Summit Lake has a small year-round population, and quite a few seasonal residents. The community has a provincial park campground and a private campground on the lakeshore, and a ski hill with tube park. Elevation: 710 metres/2329 ft.
Hills is a hamlet at the north end of Slocan Lake with small farms and a quiet lifestyle. The Hills Garlic Festival started here and got to be so popular it had to move to the larger Centennial Park in New Denver.
Rosebery is a few minutes’ drive north of New Denver, a small community of summer homes, retirees and a scattering of locals. The community has a provincial park campground, Rosebery Parklands waterfront regional park, and one of the trailheads for Galena Trail, which follows the old rail bed from Rosebery to Three Forks.
Sandon is a ghost town from the mining days and brings in thousands of visitors every year. A very few hardy people live here year-round. The Sandon Museum is full of interesting artifacts. Many alpine trails are accessed from Sandon, including the very popular Idaho Peak trail.
With a population of 500 perched on the edge of Slocan Lake, facing the spectacular 2,100-metre (nearly 7,000-foot) peaks of Valhalla Provincial Park in the Selkirk Range, this is small town living at its best.
New Denver’s main street is very attractive, with a heritage charm. The community has a K-12 school, Community Health Centre, community halls, a credit union, post office, grocery store, convenience store, health food store, liquor store, hardware store, gift stores, outdoor store, a youth centre, several places to stay and a few places to eat.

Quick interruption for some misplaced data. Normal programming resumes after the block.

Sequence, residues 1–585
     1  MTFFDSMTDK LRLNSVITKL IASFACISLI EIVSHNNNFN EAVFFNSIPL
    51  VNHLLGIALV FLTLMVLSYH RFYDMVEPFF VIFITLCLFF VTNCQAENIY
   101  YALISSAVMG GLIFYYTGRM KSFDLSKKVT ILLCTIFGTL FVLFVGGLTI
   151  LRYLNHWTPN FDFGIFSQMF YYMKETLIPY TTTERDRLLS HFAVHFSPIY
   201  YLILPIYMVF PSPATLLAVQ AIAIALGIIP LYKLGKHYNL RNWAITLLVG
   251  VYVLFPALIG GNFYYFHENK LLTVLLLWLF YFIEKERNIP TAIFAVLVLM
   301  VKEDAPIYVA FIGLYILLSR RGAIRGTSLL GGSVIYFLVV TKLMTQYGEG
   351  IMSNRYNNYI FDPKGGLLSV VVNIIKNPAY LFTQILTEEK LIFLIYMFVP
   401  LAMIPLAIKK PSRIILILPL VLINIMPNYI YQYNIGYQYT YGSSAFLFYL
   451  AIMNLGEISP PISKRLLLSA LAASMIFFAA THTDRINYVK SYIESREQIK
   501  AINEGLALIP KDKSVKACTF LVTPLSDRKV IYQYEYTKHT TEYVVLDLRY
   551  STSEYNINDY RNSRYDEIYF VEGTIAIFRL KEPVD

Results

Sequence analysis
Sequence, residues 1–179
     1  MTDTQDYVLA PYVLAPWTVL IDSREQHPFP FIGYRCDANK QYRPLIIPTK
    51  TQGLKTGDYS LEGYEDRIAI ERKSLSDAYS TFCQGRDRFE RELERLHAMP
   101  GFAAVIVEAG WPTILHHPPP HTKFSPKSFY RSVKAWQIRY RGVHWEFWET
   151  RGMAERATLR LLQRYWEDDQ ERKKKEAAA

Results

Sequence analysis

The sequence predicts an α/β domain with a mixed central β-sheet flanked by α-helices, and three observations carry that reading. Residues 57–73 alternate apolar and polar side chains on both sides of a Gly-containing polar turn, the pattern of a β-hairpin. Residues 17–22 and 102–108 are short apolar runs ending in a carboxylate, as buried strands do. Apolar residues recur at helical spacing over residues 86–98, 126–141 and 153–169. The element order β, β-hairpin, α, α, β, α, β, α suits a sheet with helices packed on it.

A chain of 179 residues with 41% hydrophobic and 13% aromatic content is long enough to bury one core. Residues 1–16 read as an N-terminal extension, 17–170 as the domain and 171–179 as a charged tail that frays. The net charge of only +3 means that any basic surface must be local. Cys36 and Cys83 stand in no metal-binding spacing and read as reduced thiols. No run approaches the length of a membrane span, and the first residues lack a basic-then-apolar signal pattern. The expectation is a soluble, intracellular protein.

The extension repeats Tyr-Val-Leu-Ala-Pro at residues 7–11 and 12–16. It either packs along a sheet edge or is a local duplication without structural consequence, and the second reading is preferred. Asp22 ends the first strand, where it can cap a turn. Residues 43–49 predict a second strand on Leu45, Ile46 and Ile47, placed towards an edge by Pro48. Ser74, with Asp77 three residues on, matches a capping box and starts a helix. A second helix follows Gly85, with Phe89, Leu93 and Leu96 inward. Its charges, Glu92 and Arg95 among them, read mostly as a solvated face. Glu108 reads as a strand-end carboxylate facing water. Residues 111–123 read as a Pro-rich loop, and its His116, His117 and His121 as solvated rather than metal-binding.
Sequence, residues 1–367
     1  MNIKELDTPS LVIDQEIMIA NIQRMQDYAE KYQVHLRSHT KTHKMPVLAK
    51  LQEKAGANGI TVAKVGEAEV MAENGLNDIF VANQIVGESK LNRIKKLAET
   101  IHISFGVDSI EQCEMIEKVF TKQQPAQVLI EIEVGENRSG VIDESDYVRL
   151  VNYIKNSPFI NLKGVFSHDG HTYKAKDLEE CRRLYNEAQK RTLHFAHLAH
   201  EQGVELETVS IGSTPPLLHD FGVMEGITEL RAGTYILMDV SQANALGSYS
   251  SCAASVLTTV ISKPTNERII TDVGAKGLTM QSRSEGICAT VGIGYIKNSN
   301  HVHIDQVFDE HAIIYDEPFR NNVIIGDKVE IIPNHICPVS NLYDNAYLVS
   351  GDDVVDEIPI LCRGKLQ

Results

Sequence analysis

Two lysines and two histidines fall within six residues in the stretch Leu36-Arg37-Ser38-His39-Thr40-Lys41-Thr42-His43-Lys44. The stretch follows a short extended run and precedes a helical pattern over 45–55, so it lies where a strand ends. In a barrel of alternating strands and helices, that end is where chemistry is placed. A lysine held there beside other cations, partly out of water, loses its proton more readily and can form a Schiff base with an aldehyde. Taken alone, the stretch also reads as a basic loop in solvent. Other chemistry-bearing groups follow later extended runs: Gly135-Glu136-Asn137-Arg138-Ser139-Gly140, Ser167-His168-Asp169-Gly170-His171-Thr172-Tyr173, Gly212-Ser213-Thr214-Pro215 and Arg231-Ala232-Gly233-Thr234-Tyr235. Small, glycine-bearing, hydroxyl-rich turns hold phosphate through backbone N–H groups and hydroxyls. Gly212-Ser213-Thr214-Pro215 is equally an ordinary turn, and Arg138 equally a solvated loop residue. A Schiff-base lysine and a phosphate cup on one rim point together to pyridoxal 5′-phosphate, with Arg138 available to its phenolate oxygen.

Named after Denver, Colorado, with which it shares a history of mining, New Denver was founded in 1892 by silver miners and incorporated as a village in 1929.
Elevation: 560 m/1840 ft.
Silverton, just five kilometres south of New Denver, has a population of about 200 year-round residents. In summer, the population doubles. The village has a building supplies store, a healing centre, a curling rink/skating rink, a newly renovated community hall, and an art / performing arts gallery.
Silverton had its beginnings in 1892 with miners looking for silver and lead on Idaho Mountain. By the late 1890s, Silverton was booming, but when the mining rush ended, Silverton’s population shrank and now it’s B.C.’s second smallest municipality.
Elevation: 550 m/1800 ft.
Red Mountain Road
Red Mountain Road is a mountainside scattering of homes in the thick forests south of Silverton. Back-to-the-landers gravitated here decades ago, and it still provides refuge for independent, self-sufficient families.
Slocan is 28 km south of Silverton at the south end of Slocan Lake, where the Slocan River begins.
With a population of 300, Slocan has a K-10 school, a post office, a community hall, a grocery store, a restaurant, a gas station and a few other businesses. A transit bus provides daily service to Nelson and Castlegar.
Slocan’s waterfront has a sandy beach, a boat launch and the trailhead for the Rails to Trails hiking/biking trail to South Slocan. The village is also the gateway to Valhalla Provincial Park.
During the 1890s, like New Denver and Silverton, Slocan was a busy mining boomtown with hotels, saloons and miners looking for wealth. Slocan became a city in 1901 and a village in 1958.
Elevation: 450 m/1480 ft.
Lemon Creek is a residential community 9 km south of the Village of Slocan. Homes are spread out along a few roads off Hwy. 6, and Lemon Creek Lodge offers a restaurant and visitor accommodation.